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Scholarly vs Popular Articles
TIPS: Yale Colleges Writing Center describes a scholarly article as sources that have been approved by a group with recognized expertise in the field under discussion. Scholarly articles are also some times called peer-reviewed. SCF subscribes to databases that provide these academic resources. Scholarly sources are found in journals where editors make sure the article is read by experts and leaders in the field.
To find a scholarly article in a database you can often check a box that limits your search to peer-reviewed journals. This box is sometimes on the Basic Search, but almost always on an Advanced Search in a database. As database publishers vary, the place or the term used to limit this search is different.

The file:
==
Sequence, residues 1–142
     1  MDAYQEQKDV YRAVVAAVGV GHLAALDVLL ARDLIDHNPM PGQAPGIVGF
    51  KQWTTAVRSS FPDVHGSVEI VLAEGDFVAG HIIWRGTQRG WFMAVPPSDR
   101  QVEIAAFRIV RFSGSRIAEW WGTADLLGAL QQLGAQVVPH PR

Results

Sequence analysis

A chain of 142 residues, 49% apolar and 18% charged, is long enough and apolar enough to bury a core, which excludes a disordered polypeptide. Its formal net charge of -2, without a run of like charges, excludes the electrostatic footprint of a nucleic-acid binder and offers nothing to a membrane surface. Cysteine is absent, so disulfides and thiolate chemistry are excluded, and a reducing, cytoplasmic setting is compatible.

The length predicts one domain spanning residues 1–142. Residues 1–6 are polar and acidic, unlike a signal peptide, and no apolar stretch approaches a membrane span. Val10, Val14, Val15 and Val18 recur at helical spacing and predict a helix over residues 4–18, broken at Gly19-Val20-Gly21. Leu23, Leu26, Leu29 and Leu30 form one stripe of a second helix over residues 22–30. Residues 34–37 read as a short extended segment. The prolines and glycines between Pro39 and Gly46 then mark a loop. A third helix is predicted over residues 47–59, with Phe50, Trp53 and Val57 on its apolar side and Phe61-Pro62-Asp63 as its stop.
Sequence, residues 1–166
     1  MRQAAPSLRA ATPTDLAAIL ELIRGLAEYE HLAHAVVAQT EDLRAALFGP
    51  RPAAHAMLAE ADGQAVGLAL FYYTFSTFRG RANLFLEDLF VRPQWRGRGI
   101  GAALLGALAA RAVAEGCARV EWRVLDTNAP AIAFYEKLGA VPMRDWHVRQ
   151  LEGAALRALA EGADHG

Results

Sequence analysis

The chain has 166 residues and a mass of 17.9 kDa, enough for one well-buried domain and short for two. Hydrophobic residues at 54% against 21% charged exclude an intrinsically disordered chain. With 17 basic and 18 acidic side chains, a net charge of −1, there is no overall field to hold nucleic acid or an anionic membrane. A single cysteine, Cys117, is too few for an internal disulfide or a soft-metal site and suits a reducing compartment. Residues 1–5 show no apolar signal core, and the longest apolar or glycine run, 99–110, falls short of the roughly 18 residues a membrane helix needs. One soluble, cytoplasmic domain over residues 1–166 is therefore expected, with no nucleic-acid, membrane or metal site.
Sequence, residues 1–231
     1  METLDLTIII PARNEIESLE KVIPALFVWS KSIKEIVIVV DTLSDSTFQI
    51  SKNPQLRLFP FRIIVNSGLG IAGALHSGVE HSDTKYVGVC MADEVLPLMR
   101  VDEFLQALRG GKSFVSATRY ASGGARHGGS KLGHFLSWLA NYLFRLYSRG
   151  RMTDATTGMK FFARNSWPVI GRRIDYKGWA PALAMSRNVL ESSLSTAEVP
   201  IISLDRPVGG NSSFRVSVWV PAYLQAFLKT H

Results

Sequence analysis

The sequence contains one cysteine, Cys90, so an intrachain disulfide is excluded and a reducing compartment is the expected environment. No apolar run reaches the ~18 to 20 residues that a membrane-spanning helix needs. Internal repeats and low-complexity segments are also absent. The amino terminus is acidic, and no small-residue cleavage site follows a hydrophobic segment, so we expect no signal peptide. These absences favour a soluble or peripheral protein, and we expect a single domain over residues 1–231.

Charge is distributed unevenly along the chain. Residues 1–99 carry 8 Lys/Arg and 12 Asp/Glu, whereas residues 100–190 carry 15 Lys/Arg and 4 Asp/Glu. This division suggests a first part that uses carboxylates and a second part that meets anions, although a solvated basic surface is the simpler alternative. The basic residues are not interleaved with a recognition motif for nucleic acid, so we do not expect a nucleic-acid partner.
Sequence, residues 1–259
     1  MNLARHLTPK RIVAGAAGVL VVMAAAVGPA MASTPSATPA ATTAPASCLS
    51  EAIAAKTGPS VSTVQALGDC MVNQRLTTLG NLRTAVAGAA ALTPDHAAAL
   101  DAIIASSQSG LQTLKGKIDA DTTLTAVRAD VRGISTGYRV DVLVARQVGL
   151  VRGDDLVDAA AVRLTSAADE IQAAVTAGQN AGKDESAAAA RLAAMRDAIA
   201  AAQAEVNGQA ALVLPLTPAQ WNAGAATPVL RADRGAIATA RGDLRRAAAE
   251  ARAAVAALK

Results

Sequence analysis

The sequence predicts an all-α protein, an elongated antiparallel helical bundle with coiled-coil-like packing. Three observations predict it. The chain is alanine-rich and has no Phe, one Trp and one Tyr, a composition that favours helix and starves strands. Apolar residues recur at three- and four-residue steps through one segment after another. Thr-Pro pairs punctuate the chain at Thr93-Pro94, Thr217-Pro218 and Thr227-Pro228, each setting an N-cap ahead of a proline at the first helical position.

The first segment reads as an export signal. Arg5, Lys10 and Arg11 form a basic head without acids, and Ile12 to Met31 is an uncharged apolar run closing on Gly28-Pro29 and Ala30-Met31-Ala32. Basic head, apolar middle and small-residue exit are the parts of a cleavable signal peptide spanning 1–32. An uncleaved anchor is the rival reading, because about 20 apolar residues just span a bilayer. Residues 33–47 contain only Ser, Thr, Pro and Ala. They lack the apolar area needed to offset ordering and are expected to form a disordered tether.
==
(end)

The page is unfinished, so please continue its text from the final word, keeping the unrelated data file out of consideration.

When looking for this search limit, also check Full Text. This makes sure that the article you find is an article you can read immediately. SCF does provide free interlibrary loan on articles that we do not own. This takes some time. Please ask your Librarian for assistance.
Researcher beware : search results are not necessarily scholarly articles, but are in academic journals. Sometimes these journals have book reviews, news sections, announcements, reports, updates and other sections that are not academic articles. Ways to identify an online scholarly or peer-reviewed article:
1 ) Author(s) - Clearly identified author(s) usually with credentials
2) References - lists of works cited at the end
3) Title - usually descriptive, lengthy and uses professional terms
4) Length - is the article 5 pages or longer?
5) Ask - check with your Librarian or Professor
6) Review - look at the elements of the article. Make sure it has what the assignment requires, such as, tables, conclusions, methodology and other research articles elements.
Rutger's University's presentation explains in more detail.
Peabody Library's Scholarly versus Popular Sources video